Inorganic Chemistry/Chemical Bonding/VSEPR theory

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The idea of a correlation between molecular geometry and number of valence electrons (both shared and unshared) was first presented in a Bakerian Lecture in 1940 by Nevil Sidgwick and Herbert Powell at the University of Oxford.[1] In 1957 Ronald Gillespie and Ronald Sydney Nyholm at University College London refined this concept to build a more detailed theory capable of choosing between various alternative geometries.[2][3]


The VSEPR rules mainly involve predicting the layout of electron pairs surrounding one or more central atoms in a molecule, which are bonded to two or more other atoms. The geometry of these central atoms in turn determines the geometry of the larger whole.

The number of electron pairs in the valence shell of a central atom is determined by drawing the Lewis structure of the molecule, expanded to show all lone pairs of electrons as well as electron-pair bonds. Where two or more resonance structures can depict a molecule, the VSEPR model is applicable to any such structure. In VSEPR theory, a double bond or triple bond are treated as a single bonding group.[4]

These electron pairs (or groups if multiple bonds are present) are assumed to lie on the surface of a sphere centered on the central atom, and since they are negatively charged, tend to occupy positions that minimizes their mutual electrostatic repulsions by maximizing the distance between them. The number of electron pairs, therefore, determine the overall geometry that they will adopt.

For example, when there are two electron pairs surrounding the central atom, their mutual repulsion is minimal when they lie at opposite poles of the sphere. Therefore, the central atom is predicted to adopt a linear geometry. If there are 3 electron pairs surrounding the central atom, their repulsion is minimized by placing them at the vertices of an equilateral triangle centered on the atom. Therefore, the predicted geometry is trigonal. Likewise, for 4 electron pairs, the optimal arrangement is tetrahedral.

Degree of repulsionEdit

The overall geometry is further refined by distinguishing between bonding and nonbonding electron pairs. The bonding electron pair shared in a sigma bond with an adjacent atom lies further from the central atom than a nonbonding (lone) pair of that atom, which is held close to its positively-charged nucleus. VSEPR theory therefore views repulsion by the lone pair to be greater than the repulsion by a bonding pair. As such, when a molecule has 2 interactions with different degrees of repulsion, VSEPR theory predicts the structure where lone pairs occupy positions that allow them to experience less repulsion. Lone pair-lone pair (lp-lp) repulsions are considered stronger than lone pair-bonding pair (lp-bp) repulsions, which in turn are considered stronger than bonding pair-bonding pair (bp-bp) repulsions, distinctions that then guide decisions about overall geometry when 2 or more non-equivalent positions are possible.[4] For instance, when 5 ligands or lone pairs surround a central atom, a trigonal bipyramidal molecular geometry is specified. In this geometry, the 2 collinear "axial" positions lie 180° apart from one another, and 90° from each of 3 adjacent "equatorial" positions; these 3 equatorial positions lie 120° apart from each other and experience only two closer proximity 90° neighbors (the axial positions). The axial positions therefore experience more repulsion than the equatorial positions; hence, when there are lone pairs, they tend to occupy equatorial positions.[5]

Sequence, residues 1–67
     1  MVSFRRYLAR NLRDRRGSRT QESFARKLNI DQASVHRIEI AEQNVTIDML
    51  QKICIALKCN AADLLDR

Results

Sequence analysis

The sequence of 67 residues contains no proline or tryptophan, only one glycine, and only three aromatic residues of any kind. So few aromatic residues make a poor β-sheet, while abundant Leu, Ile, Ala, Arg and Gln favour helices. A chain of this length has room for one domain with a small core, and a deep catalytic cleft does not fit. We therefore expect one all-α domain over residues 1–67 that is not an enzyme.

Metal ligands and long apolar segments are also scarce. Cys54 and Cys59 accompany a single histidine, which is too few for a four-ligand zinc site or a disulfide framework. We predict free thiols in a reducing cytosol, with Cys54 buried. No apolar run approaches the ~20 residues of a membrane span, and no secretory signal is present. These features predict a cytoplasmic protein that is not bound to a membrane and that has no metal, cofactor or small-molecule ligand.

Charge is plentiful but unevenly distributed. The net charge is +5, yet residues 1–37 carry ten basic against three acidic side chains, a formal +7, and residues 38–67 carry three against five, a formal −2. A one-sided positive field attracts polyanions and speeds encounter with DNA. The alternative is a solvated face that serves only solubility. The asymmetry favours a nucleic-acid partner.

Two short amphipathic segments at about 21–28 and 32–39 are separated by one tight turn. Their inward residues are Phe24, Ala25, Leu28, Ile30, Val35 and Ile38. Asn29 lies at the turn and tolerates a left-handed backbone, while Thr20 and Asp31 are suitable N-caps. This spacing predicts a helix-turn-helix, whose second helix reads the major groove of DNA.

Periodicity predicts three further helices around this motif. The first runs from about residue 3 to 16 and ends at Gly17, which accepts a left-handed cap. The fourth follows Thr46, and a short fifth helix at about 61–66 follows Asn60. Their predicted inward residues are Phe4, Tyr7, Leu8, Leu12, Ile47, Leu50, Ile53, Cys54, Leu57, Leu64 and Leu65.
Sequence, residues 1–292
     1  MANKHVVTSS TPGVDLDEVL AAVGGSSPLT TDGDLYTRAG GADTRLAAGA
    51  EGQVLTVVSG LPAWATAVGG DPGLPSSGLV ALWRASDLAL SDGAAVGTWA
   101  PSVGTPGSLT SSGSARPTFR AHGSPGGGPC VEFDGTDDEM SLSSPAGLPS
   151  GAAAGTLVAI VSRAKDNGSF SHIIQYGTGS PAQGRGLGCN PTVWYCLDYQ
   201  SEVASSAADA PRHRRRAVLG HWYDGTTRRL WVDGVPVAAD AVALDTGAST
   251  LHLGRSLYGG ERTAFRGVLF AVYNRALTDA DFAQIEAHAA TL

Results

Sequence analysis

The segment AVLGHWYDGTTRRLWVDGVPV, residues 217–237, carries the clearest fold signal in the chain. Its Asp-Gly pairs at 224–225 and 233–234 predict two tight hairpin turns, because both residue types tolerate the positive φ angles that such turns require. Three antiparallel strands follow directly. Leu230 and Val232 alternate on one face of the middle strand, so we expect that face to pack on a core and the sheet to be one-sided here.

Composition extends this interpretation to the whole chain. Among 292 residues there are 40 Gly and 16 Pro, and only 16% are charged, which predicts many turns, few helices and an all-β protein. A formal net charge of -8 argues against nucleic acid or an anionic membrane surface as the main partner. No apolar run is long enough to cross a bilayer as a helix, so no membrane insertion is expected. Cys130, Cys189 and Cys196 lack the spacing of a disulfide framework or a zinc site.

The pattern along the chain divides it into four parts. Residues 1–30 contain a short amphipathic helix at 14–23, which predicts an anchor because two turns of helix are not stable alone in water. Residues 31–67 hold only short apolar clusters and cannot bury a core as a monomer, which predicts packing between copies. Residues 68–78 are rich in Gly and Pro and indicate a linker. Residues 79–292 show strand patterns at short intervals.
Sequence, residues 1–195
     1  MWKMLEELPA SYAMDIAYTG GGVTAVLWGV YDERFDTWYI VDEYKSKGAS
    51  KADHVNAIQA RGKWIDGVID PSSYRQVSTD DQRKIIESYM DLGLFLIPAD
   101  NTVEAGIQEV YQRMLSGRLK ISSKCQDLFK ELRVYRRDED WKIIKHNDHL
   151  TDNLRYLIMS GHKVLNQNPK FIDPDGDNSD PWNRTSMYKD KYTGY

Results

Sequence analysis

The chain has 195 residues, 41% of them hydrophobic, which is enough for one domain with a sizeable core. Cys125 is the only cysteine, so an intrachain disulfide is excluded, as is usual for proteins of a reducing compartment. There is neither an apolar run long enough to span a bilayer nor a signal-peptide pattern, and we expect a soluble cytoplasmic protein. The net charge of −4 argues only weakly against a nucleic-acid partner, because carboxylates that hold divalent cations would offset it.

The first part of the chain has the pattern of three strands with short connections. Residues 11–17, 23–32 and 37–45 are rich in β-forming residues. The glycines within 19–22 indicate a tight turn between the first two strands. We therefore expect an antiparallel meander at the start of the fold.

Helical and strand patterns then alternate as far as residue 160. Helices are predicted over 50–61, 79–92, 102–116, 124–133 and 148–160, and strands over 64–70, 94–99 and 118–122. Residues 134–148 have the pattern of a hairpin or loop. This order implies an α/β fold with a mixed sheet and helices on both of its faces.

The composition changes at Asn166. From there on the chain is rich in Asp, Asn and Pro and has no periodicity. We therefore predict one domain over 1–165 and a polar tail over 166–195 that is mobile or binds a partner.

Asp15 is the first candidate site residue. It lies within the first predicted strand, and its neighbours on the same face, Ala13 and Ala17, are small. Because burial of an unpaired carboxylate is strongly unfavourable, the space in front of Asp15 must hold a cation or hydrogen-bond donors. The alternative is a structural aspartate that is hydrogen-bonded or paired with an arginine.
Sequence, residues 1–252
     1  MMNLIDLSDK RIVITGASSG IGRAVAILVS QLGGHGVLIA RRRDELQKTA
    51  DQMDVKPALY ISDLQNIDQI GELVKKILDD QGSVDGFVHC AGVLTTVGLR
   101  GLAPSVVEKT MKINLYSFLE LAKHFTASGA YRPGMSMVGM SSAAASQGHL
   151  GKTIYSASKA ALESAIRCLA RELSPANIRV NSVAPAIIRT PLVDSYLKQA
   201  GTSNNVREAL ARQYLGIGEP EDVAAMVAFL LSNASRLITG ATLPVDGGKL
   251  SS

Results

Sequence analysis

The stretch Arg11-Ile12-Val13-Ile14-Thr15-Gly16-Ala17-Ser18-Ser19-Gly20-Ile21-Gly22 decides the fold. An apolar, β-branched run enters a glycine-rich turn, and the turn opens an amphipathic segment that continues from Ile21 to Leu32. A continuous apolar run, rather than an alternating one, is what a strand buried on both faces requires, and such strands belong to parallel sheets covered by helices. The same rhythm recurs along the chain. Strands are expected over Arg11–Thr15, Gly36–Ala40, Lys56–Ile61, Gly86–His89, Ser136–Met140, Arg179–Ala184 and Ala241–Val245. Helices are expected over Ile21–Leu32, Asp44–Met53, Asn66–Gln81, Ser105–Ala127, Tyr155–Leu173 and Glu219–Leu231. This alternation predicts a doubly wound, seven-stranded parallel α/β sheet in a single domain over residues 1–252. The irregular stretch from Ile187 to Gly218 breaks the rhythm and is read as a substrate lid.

The difference between lone pairs and bonding pairs may also be used to rationalize deviations from idealized geometries. For example, the H2O molecule has four electron pairs in its valence shell: two lone pairs and two bond pairs. The four electron pairs are spread so as to point roughly towards the apices of a tetrahedron. However, the bond angle between the two O-H bonds is only 104.5°, rather than the 109.5° of a regular tetrahedron, because the two lone pairs (whose density or probability envelopes lie closer to the oxygen nucleus) exert a greater mutual repulsion than the two bond pairs.[4][5]

An advanced-level explanation replaces the above distinction with two rules:

  • Bent's rule: An electron pair of a more electropositive ligand constitutes greater repulsion. This explains why the Cl in PClF4 prefers the equatorial position and why the bond angle in oxygen difluoride (103.8°) is smaller than that of water (104.5°). Lone pairs are then considered to be a special case of this rule, held by a "ghost ligand" in the limit of electropositivity.
  • A higher bond order constitutes greater repulsion. This explains why in phosgene, the oxygen-chlorine bond angle (124.1°) is larger than the chlorine-chlorine bond angle (111.8°) even though chlorine is more electropositive than oxygen. In the carbonate ion, all three bond angles are equivalent due to resonance.

AXE methodEdit

The "AXE method" of electron counting is commonly used when applying the VSEPR theory. The A represents the central atom and always has an implied subscript one. The X represents the number of sigma bonds between the central atoms and outside atoms. Multiple covalent bonds (double, triple, etc.) count as one X. The E represents the number of lone electron pairs surrounding the central atom. The sum of X and E is known as the steric number.